Format

Send to

Choose Destination
Nature. 2017 May 25;545(7655):477-481. doi: 10.1038/nature22350. Epub 2017 May 17.

Identification of preoptic sleep neurons using retrograde labelling and gene profiling.

Author information

1
Division of Neurobiology, Department of Molecular and Cell Biology, Helen Wills Neuroscience Institute, Howard Hughes Medical Institute, University of California, Berkeley, California 94720, USA.
2
Department of Physiology, University of California, San Francisco, San Francisco, California 94158, USA.
3
Allen Institute for Brain Science, Seattle, Washington 98103, USA.
4
Department of Biology, Howard Hughes Medical Institute, Stanford University, Stanford, California 94305, USA.
5
Diabetes, Endocrinology and Obesity Branch, National Institute of Diabetes and Digestive and Kidney Diseases, National Institutes of Health, Bethesda, Maryland 20892, USA.
6
National Institute on Drug Abuse, National Institutes of Health, Baltimore, Maryland 21224, USA.

Abstract

In humans and other mammalian species, lesions in the preoptic area of the hypothalamus cause profound sleep impairment, indicating a crucial role of the preoptic area in sleep generation. However, the underlying circuit mechanism remains poorly understood. Electrophysiological recordings and c-Fos immunohistochemistry have shown the existence of sleep-active neurons in the preoptic area, especially in the ventrolateral preoptic area and median preoptic nucleus. Pharmacogenetic activation of c-Fos-labelled sleep-active neurons has been shown to induce sleep. However, the sleep-active neurons are spatially intermingled with wake-active neurons, making it difficult to target the sleep neurons specifically for circuit analysis. Here we identify a population of preoptic area sleep neurons on the basis of their projection target and discover their molecular markers. Using a lentivirus expressing channelrhodopsin-2 or a light-activated chloride channel for retrograde labelling, bidirectional optogenetic manipulation, and optrode recording, we show that the preoptic area GABAergic neurons projecting to the tuberomammillary nucleus are both sleep active and sleep promoting. Furthermore, translating ribosome affinity purification and single-cell RNA sequencing identify candidate markers for these neurons, and optogenetic and pharmacogenetic manipulations demonstrate that several peptide markers (cholecystokinin, corticotropin-releasing hormone, and tachykinin 1) label sleep-promoting neurons. Together, these findings provide easy genetic access to sleep-promoting preoptic area neurons and a valuable entry point for dissecting the sleep control circuit.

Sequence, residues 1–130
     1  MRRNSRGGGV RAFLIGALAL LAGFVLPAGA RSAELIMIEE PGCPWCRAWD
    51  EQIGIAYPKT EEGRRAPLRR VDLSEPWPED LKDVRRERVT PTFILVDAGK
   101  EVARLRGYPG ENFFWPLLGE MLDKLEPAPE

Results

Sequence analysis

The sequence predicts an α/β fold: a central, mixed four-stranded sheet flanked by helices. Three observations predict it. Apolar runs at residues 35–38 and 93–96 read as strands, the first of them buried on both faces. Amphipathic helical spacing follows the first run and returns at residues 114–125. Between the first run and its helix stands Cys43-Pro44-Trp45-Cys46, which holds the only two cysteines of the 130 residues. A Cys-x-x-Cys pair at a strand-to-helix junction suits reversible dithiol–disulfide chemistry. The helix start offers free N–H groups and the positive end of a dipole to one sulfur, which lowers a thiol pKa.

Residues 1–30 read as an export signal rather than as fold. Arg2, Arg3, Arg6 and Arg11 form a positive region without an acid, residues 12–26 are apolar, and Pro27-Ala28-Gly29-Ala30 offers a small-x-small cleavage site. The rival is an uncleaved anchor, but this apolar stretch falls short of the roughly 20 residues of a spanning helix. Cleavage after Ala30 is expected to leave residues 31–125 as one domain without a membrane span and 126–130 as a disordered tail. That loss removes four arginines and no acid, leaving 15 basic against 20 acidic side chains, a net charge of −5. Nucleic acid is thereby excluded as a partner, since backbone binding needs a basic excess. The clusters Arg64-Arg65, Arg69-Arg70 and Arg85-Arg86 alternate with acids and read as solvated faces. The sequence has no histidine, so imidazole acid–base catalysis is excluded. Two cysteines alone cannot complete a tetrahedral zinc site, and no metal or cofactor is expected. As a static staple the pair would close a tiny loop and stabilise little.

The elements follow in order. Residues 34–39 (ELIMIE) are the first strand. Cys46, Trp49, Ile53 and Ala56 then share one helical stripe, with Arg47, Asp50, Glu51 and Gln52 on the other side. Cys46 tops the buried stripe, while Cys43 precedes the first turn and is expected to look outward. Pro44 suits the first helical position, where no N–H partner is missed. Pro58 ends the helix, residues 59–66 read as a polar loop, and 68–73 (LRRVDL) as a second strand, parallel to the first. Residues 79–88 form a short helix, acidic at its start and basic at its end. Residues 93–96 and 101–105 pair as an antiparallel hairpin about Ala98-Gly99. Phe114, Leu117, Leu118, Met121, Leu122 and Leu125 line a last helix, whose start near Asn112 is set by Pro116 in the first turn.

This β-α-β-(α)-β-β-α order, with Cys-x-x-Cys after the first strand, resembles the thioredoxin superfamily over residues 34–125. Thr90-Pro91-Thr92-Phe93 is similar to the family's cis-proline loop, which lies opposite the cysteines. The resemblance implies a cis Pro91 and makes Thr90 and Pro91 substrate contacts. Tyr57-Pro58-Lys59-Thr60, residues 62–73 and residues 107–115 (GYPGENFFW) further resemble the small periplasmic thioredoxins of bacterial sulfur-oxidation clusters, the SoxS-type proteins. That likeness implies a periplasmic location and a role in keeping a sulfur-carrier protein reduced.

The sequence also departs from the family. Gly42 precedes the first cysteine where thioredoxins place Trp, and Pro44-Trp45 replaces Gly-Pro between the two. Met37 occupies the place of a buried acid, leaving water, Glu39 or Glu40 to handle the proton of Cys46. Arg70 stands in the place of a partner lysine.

PMID:
28514446
PMCID:
PMC5554302
DOI:
10.1038/nature22350
[Indexed for MEDLINE]
Free PMC Article

Supplemental Content

Full text links

Icon for Nature Publishing Group Icon for PubMed Central
Loading ...
Support Center